It requires the public service board to create a standard contract price or a set of maximum and minimum provisions, or both, for qualifying SPEED resources over 1 MW of capacity. In setting a standard contract price, the board shall consider the goal of developing qualified SPEED resources, least cost analysis, and the impact on electric rates. It adjusts the statutory mechanism for determining whether portfolio standards will be imposed. In particular, it provides that if the board determines, by 1/1/13, that resources that are brought into service between 1/1/05 and 1/1/12 or that are the subject of a certificate of public good issued during that time, when combined, exceed the growth in statewide retail electric sales during that period of time, and that SPEED resources then produce at least five percent of 2005 retail sales, or if SPEED resources provides 10 percent or more of 2005 retail sales, then the portfolio standards shall not be in force. The act makes it a state goal to assure that 20 percent of total statewide electric retail sales before 7/1/17 shall be generated by SPEED resources. The board is to report to legislative committees on progress in meeting the goal by 12/31/11 and again by 12/31/13, in the latter case, if necessary, with appropriate recommendations to make attaining the goal more likely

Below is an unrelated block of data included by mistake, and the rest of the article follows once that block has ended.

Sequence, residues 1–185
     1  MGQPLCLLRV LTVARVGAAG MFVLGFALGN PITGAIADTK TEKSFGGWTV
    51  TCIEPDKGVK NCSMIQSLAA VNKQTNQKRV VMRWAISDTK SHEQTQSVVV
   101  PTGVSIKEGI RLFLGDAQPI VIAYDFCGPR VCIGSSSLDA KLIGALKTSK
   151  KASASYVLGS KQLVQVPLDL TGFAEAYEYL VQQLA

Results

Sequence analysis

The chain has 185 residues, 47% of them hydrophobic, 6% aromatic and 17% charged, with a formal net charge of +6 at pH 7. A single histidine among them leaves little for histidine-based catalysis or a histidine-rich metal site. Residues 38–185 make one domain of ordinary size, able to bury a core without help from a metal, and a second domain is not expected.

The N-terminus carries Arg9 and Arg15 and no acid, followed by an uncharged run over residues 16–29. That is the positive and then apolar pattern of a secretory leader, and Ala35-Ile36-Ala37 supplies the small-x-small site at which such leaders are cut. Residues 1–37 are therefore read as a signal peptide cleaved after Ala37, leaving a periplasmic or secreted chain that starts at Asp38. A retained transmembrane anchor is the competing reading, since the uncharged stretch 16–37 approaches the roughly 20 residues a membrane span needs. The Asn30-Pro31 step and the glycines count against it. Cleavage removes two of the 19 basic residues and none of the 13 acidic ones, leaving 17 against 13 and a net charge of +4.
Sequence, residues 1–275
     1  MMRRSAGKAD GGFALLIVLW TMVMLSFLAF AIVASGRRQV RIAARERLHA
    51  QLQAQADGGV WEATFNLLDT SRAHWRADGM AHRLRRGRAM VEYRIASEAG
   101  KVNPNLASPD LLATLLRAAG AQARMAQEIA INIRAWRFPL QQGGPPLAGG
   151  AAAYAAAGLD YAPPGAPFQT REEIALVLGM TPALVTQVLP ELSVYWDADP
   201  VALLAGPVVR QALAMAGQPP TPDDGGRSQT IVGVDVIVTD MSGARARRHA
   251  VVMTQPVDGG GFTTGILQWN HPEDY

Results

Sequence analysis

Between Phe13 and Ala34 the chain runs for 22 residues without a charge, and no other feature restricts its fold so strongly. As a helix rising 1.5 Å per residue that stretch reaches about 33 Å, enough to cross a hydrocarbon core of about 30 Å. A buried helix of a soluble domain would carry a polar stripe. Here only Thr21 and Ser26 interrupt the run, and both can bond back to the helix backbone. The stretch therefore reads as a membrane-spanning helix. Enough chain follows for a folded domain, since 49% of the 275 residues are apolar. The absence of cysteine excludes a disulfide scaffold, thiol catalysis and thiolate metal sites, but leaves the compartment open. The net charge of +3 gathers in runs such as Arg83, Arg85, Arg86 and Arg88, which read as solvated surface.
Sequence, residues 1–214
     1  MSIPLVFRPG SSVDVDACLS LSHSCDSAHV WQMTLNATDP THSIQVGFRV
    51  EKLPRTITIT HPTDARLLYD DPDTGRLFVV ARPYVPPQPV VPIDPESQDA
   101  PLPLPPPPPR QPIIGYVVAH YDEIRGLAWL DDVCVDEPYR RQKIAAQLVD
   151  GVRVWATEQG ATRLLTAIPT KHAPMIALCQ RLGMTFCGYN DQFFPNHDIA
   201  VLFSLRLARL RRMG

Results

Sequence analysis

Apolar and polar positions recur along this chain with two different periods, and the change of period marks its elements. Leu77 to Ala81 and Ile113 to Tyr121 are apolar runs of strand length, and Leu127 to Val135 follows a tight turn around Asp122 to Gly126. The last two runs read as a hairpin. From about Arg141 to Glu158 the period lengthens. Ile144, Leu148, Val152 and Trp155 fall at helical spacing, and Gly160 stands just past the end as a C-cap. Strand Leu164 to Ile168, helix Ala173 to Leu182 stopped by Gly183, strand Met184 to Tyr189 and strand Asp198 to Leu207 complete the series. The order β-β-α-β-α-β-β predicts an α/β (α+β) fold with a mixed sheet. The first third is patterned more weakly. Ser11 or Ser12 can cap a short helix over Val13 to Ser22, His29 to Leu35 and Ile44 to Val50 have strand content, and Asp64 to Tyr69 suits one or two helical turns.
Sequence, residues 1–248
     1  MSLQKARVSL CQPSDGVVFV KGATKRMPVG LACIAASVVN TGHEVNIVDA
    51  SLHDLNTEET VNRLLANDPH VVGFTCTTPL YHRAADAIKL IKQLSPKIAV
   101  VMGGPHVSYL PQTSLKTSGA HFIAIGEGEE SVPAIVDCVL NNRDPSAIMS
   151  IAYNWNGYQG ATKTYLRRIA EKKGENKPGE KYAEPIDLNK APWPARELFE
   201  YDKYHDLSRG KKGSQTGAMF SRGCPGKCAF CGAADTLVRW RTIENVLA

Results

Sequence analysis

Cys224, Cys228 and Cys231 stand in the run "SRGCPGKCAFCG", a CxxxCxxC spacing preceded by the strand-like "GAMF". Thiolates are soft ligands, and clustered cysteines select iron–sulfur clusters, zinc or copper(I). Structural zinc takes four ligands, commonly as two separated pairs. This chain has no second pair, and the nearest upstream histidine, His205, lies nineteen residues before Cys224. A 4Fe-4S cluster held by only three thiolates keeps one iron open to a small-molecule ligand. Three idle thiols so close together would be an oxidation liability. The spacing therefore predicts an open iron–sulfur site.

The act makes it clear that when local government provides tax breaks for alternate energy sources, renewable net metering systems are eligible. It imposes a wind-powered electric generating facilities tax as an alternative education property tax on buildings and fixtures used in the generation of electric energy from wind. All of the revenues raised from the tax will be deposited in the education fund. Municipal property taxes on wind-powered generating facilities would not be affected. The rate of the tax shall be $0.003 per kwh produced, as determined by the public service board, but may not be less than if the facility were operating at 15 percent of the facility’s average capacity factor.